Anne Klein will deliver a lecture titled “The Sunlit Sky: Longchenpa's Open Secret” at 7:00 p.m. on October 4, 2018 at Naropa's Nalanda Events Center, 6287 Arapahoe Avenue, Boulder, Colorado. This lecture is part of an ongoing Buddhist Studies Lecture Series, a collaboration between Naropa University and the Department of Religious Studies at the University of Colorado Boulder. Anne Klein will be staying the weekend to participate in the Lotsawa Translation Workshop, October 5–8th at CU Boulder, made possible with the generous support of the Tsadra Foundation.
The Sunlit Sky: Longchenpa’s Open Secret
Buddhist philosophy and practice is oriented to subtle states which are famously inexpressible. This is especially true in the esoteric Great Completeness (Dzogchen) traditions. But the inexpressible is not inaccessible. It can be known. Sensing, affective feeling, and the kinesthetic engagement of the body are intrinsic to such knowing. The brilliant poet-yogi Longchen Rabjam, who gave voice to Tibet’s most powerful Dzogchen compositions, reshaped earlier Buddhist understandings of mind, body, and senses, that he saw as portals to an intimate, inexpressible knowing. This inexpressible yet ubiquitous, easily obscured yet thoroughly available wisdom is Dzogchen’s open secret.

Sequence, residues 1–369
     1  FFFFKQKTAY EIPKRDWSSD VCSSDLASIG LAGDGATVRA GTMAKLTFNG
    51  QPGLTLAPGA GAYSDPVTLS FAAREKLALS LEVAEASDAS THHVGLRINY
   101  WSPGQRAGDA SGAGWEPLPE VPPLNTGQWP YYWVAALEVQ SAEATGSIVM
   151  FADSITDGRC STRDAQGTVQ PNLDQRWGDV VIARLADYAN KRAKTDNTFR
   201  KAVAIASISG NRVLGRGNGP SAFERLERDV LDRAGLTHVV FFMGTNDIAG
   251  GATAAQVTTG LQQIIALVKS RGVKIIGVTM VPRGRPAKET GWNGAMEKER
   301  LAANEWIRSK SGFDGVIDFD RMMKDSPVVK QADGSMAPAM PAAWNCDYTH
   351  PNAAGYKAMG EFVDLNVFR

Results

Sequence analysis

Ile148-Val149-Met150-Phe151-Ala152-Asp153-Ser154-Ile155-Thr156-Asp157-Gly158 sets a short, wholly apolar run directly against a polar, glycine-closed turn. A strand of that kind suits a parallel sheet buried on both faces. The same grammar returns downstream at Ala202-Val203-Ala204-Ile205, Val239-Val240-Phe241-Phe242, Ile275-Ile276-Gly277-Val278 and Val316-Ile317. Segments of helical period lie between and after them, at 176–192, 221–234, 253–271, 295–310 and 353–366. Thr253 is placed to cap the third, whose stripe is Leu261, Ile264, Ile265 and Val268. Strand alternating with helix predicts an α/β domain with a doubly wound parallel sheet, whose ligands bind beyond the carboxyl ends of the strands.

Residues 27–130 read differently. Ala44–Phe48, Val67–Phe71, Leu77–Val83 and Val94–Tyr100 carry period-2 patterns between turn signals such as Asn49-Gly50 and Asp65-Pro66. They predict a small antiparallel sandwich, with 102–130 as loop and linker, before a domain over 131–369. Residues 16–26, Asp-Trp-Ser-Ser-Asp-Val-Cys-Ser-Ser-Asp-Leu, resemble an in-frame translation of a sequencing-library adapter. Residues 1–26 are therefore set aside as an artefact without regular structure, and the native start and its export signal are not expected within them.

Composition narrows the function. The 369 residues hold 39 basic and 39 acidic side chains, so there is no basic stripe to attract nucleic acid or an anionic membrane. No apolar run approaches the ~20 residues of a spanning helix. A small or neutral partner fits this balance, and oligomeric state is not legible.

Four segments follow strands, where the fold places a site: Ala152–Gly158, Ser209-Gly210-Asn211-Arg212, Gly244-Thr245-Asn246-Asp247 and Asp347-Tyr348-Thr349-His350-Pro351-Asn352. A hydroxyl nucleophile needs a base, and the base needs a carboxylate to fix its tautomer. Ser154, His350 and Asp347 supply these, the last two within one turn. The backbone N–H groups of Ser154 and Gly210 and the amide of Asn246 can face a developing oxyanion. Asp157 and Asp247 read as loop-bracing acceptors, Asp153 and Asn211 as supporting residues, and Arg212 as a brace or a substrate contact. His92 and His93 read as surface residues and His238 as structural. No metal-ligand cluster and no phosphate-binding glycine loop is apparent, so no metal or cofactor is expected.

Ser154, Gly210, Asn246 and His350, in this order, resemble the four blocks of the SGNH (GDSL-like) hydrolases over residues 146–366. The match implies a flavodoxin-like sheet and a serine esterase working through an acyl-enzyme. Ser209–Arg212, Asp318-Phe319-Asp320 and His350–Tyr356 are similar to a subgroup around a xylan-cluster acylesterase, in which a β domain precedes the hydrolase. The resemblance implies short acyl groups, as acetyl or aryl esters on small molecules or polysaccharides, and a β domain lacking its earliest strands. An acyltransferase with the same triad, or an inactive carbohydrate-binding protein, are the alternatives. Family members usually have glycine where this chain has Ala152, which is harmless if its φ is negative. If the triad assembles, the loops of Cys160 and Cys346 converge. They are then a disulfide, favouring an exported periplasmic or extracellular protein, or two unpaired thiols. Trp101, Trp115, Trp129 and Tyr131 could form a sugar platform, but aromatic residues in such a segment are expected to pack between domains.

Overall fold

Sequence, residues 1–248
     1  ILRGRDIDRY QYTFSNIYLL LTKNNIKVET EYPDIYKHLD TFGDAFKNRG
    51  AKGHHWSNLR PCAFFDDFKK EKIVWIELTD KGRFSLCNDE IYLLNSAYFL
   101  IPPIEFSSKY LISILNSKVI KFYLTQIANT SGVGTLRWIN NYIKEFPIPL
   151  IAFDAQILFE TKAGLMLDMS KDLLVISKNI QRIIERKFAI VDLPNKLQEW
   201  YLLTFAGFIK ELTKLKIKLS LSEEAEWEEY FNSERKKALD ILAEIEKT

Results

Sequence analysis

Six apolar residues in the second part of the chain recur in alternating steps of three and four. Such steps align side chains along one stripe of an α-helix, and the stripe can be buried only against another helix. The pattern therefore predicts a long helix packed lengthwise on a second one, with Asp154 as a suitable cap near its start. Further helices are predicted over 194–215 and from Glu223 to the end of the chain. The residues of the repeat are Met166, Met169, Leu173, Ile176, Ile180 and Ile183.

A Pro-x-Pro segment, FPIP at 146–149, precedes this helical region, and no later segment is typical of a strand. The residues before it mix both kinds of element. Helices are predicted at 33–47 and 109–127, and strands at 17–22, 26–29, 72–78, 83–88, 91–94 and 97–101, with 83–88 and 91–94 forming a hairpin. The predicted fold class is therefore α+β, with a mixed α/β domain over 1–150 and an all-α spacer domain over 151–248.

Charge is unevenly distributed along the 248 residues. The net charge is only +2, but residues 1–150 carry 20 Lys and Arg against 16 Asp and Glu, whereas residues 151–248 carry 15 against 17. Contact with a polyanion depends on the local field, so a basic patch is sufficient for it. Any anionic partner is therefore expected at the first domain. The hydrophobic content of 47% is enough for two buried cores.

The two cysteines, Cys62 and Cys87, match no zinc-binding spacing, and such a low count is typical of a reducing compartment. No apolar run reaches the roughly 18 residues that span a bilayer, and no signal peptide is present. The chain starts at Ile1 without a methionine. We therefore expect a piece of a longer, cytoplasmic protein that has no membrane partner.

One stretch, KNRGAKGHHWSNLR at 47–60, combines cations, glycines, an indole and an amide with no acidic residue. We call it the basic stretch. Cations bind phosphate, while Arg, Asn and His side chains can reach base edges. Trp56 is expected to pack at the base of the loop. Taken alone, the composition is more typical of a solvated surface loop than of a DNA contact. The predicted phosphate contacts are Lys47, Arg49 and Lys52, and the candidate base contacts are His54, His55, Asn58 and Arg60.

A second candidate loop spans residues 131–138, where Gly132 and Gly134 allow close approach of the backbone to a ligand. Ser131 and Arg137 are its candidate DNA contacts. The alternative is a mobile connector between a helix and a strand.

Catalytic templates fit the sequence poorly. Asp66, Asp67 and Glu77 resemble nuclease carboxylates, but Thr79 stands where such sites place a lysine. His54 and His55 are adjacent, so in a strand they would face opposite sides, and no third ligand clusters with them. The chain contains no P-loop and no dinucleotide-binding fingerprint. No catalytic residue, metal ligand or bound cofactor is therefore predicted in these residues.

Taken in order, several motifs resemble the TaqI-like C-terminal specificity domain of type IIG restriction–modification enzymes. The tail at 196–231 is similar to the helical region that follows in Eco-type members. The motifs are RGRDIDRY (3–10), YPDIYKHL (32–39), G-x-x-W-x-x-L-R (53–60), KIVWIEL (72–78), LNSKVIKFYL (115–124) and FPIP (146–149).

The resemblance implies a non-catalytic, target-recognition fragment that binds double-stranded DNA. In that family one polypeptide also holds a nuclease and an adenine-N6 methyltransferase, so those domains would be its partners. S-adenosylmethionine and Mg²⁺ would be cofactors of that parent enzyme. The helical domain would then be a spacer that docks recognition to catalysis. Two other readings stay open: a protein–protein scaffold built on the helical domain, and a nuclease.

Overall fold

Although reality is inexpressible, it is deeply felt. What does it feel like? To the body it feels like flows deep within. In wisdom it arises as states of wonder, delight, and loving responsiveness. Such states can seem impossibly esoteric. Yet there are analogies to them in everyday experience. Intuition, for example, also springs forth of its own accord. In philosophy, metaphor, and poetry, Longchenpa makes the strange familiar, revealing how these awakened states, seemingly esoteric and distant, are an open secret because our sensibilities are primordially primed for their own awakening. Wisdom, he says, is present throughout every mind and body, and thus potentially as clear as the radiance of a sunlit sky.